Monday, June 7, 2010

Concert Review: The Antlers/The National D.A.R. Constitution Hall Sunday June 6th

The National have been slowly moving up in the world since their humble Cincinnati days and it is only fitting that as their sound has grown, so have the venues and excited crowds. This wasn't the first time that the band played the prestigious Constitution Hall but as they told the audience, last time they were opening for The Arcade Fire and the auditorium was only half-full. While I would have killed to see that show, The National won't be playing second fiddle to anyone any more, and that whole 'half-full crowd' thing isn't going to be a problem from now on either.

The show was kick started by up-and-comers/NPR darlings, The Antlers, a band whose live performance surprisingly owes more to Sonic Youth than anyone else. Though I've listened to their album Hospice a great deal and quite like it, I'm always a little suspicious of a three-piece band making sounds akin to category 5 hurricanes live, especially when there is only one guitar on stage. The other problem I had with their set was the fact that The Antlers stuck to one unbendable formula throughout - literally every song starts with a whimper, the drums kick in three or four minutes in, building to a moment when you will be awash in sound, followed by three or four false endings and then a final ending that consists of a couple minutes of feedback. Literally. Every. Song. Still, they had wonderful moments of glory and a couple songs that were able to stand out from the rest of the noise. Also, I think their show would have been much more enjoyable if the guy running sound had not been wretched at his job. The bass on the low end drowned out basically everything The Antlers were doing to the point that it was hard to breath in my seat and inducing all the people around me to plug their ears. I'm also willing to accept that perhaps the acoustics were just terrible where I was sitting.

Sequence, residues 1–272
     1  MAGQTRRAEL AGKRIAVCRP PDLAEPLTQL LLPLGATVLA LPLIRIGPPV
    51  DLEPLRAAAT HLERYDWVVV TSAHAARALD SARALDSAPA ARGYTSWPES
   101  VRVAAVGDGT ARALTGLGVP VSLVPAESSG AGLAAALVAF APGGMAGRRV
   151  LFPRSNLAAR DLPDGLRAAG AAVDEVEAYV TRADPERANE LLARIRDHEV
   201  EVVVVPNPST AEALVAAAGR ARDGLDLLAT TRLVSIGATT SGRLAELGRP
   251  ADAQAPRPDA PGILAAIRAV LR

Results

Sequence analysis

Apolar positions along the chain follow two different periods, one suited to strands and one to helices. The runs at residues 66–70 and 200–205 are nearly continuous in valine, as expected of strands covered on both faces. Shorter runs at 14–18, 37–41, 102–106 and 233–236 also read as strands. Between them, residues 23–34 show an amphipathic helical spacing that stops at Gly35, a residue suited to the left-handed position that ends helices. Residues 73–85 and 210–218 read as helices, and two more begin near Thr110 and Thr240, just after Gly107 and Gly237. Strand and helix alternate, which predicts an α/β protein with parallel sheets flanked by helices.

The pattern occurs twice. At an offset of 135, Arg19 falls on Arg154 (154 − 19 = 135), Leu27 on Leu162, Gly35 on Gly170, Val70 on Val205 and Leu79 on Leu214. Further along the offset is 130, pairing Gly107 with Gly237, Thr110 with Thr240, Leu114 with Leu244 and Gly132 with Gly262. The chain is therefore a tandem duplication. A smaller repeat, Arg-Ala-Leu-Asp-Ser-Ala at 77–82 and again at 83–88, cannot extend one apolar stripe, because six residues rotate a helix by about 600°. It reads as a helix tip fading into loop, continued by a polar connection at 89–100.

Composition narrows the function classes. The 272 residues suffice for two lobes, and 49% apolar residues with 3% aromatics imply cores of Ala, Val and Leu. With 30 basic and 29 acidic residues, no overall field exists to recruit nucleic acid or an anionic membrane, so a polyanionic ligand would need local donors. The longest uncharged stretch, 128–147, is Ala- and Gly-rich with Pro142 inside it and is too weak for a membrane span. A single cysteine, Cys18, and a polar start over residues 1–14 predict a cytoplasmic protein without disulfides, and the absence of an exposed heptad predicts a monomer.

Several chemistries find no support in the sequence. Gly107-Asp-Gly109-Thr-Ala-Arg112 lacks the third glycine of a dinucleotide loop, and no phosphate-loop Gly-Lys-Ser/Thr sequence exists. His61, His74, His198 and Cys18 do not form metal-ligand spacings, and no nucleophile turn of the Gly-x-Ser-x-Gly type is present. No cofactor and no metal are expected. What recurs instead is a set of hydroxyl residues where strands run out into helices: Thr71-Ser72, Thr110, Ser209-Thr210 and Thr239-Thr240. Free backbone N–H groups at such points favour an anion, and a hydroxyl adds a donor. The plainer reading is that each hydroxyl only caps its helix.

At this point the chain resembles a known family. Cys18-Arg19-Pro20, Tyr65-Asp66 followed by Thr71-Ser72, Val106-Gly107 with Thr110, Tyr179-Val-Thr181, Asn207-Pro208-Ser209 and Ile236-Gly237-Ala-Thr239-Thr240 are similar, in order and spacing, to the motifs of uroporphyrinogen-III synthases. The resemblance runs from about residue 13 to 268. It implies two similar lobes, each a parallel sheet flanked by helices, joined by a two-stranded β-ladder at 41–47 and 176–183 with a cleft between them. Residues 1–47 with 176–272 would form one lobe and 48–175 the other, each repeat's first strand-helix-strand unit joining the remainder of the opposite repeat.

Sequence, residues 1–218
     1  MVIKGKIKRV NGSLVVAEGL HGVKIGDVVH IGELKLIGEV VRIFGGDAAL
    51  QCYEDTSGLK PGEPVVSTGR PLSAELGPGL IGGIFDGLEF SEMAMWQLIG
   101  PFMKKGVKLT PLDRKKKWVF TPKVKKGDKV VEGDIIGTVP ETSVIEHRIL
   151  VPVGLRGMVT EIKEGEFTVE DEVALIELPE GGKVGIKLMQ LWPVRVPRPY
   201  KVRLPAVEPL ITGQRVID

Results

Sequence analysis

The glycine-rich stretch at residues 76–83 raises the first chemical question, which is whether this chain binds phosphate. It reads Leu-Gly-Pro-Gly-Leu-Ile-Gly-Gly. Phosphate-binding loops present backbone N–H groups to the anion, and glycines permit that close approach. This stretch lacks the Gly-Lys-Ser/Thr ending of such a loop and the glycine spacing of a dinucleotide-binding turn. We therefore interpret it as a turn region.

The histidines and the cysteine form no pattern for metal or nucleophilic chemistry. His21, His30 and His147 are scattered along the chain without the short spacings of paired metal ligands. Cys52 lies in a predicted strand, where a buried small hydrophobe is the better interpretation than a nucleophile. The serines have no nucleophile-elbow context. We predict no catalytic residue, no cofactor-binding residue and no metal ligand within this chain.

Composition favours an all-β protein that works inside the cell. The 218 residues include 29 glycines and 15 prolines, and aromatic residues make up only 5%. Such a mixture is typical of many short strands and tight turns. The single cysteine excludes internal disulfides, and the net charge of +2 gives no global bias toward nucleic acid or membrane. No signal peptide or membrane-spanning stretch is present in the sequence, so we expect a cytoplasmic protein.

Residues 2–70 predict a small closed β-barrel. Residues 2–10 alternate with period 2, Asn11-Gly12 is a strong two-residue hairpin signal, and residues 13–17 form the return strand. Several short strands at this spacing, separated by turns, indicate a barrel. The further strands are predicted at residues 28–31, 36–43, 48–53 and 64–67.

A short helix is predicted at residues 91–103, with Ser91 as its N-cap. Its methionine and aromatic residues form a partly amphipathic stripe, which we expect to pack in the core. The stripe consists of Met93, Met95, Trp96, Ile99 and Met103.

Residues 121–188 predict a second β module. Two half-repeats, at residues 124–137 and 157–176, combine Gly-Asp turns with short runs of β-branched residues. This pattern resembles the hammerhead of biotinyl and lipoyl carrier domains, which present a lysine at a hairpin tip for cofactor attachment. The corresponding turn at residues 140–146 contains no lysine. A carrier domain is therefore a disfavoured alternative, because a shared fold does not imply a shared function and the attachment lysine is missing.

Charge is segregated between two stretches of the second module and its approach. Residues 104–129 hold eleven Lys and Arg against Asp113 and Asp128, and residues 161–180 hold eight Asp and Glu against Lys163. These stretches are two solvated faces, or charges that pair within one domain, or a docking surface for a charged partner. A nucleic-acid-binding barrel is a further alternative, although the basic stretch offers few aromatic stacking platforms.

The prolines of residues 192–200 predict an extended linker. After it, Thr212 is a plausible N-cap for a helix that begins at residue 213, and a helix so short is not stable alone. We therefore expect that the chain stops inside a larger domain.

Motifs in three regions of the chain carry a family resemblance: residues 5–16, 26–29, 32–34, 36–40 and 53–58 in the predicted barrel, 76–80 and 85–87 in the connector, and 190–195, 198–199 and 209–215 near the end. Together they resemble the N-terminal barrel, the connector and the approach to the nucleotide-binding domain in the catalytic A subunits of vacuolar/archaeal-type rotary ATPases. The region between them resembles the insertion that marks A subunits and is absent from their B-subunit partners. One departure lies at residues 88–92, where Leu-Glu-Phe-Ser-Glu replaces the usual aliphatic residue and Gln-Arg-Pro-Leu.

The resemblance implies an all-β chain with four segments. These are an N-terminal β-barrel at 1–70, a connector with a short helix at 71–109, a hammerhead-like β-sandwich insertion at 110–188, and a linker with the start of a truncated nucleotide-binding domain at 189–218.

The National came out as a breath of fresh air with the slow burning "Runaway," a track I find the most boring of their entire catalogue, but a song made lovely and immediate in the live setting. But not even The National were immune to early sound problems. Matt Berninger voice, usually deep and overpowering was drowned out by bass and echoes right along with the many wonderful subtleties in their music. A few songs in, while I was becoming more and more reminiscent of the intimacies of the 9:30 Club, Berninger stepped off stage to have a chat with the sound guy (and hopefully punch him in the face). Afterward the vocals were clearer, the intricacies came through and the mood in my neck of the concert hall changed dramatically.

The band ripped though a set that leaned mostly on Alligator and the brand new High Violet (an album I'm still learning to embrace, but am excited to hear again after this great performance) although they did play a couple tracks from Boxer and even one brilliant one from Sad Songs for Dirty Lovers. Standouts included new songs like "Afraid of Everyone," "Conversation 16" and "Lemonworld" as well as "Squalor Victoria," "About Today," and the always perfect, "Fake Empire."